EG260 Harmonic motion - A.K. Slone EG-260 Dynamics (1)...

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A.K. Slone EG-260 Dynamics (1) ©a.k.slone 2006 1 of 16 EG-260 DYNAMICS I – Harmonic motion Introduction . ..................................................................... 2 1. Revision - Motion in a Circle ..................................... 2 2. Circular Motion and the Sine Function .................... 4 3. Simple Harmonic Motion (SHM) .............................. 5 3.1. Solution of the SHM equation . ............................. 6 3.2. Motion of a single spring-mass system . ............... 7 3.3. Properties of SHM . .............................................. 11 3.4. SHM & circular motion . ..................................... 14 4. Solutions for Harmonic motion . ......................... 15
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A.K. Slone EG-260 Dynamics (1) ©a.k.slone 2006 2 of 16 Introduction Oscillatory motion may repeat at regular time intervals as in the balance wheel of a clock or be highly irregular as in an earthquake. When the motion repeats itself in equal time intervals it is called periodic motion The simplest form of periodic motion is harmonic motion and this is most simply illustrated by the projection of the motion of a point that is moving in a circle with constant speed onto a straight line. 1. Revision - Motion in a Circle Consider a particle P moving in an anti-clockwise direction around the circumference of a circle. Initially it is at position Q, and after a time it is at R. The angle between the position vectors Q and R is θ . The angular velocity of P is given by ω, which is defined as the rate of increase in the angle θ . If θ is increasing at a constant rate then angular velocity, ω, is uniform. Angles are measured in radians, where 2 π radians = 360 o . The units of angular velocity are one radian per second, 1 rad/s. O θ R Q ω Figure 1 Circular Motion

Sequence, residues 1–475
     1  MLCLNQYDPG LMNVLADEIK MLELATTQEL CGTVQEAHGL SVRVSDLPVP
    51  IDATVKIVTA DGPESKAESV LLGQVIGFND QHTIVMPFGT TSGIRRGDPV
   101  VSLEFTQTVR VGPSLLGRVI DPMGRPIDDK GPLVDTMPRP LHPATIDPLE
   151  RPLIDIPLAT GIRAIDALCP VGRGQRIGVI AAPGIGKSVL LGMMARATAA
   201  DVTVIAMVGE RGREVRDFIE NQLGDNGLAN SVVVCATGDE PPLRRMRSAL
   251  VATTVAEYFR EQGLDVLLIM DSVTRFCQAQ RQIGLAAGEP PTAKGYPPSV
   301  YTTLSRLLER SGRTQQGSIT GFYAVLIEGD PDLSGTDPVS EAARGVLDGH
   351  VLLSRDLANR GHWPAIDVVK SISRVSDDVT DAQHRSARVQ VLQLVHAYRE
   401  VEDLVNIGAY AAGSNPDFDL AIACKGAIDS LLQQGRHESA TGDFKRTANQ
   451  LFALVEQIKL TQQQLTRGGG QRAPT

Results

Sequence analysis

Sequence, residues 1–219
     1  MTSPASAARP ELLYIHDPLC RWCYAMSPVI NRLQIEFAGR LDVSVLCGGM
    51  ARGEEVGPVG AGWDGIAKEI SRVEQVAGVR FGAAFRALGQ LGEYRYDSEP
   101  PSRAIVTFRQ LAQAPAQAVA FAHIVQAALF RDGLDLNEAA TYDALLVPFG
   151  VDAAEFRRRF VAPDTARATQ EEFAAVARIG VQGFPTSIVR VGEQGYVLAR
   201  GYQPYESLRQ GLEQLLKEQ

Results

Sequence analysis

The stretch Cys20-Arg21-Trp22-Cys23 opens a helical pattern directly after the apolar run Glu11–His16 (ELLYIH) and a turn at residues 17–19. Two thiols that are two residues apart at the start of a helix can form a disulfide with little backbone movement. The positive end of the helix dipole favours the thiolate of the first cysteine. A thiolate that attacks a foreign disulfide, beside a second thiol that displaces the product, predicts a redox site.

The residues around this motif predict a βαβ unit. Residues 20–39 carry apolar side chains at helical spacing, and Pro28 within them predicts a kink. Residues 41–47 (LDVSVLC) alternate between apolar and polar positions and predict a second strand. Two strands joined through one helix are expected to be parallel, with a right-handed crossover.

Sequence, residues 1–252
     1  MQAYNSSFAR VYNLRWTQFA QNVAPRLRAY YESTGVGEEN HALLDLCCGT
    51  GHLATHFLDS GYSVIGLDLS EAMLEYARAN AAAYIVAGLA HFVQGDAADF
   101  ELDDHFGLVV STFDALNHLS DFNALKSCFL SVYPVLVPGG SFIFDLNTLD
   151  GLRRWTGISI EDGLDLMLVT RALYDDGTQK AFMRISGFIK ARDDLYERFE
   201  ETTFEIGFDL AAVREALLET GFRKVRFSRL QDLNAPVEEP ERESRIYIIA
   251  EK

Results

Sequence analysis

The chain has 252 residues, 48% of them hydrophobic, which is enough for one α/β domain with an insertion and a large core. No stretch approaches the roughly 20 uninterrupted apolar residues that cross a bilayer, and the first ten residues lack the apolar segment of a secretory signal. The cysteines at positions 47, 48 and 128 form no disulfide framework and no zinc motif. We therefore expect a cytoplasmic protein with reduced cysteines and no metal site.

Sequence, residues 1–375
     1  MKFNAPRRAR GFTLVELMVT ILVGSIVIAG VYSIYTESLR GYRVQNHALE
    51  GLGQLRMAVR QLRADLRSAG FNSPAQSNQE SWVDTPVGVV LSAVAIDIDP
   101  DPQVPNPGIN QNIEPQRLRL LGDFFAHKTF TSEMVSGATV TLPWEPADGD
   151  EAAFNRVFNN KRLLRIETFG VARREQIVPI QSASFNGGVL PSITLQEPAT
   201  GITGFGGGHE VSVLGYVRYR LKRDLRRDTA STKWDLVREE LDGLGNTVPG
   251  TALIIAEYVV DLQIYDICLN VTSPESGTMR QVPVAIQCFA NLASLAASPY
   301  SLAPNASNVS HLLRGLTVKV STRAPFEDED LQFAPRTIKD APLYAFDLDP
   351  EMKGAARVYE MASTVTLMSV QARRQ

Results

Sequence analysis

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A.K. Slone EG-260 Dynamics (1) ©a.k.slone 2006 3 of 16 If the angle θ has been travelled in time t , at a rate of ω rad/s then θ = ω t . Let the time to travel one complete revolution, i.e. 2 π rads, be T, then using the relationship: distance = velocity x time ω π 2 2 = = T T T is called the period of the oscillation , the time for one complete cycle and its reciprocal is the frequency , f , which is measured in Hertz, Hz, which is cycles /second.
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A.K. Slone EG-260 Dynamics (1) ©a.k.slone 2006 4 of 16 2. Circular Motion and the Sine Function Consider the particle P moving around the circle as above, the projection of the motion of P onto a straight line is shown in Figure 2 Sine Function x θ π/2 π 3π/2 A A -A -A θ =π/2 π 3π/2 x P P θ X(t) Figure 2 Relationship between the Sine Function and Circular Motion From our knowledge of the graphs of trigonometrical relationships, we recognise this above graph as that of the sine function, hence: () ( ) ( ) t A A t x ω θ sin sin = =
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A.K. Slone EG-260 Dynamics (1) ©a.k.slone 2006 5 of 16 3. Simple Harmonic Motion (SHM)
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EG260 Harmonic motion - A.K. Slone EG-260 Dynamics (1)...

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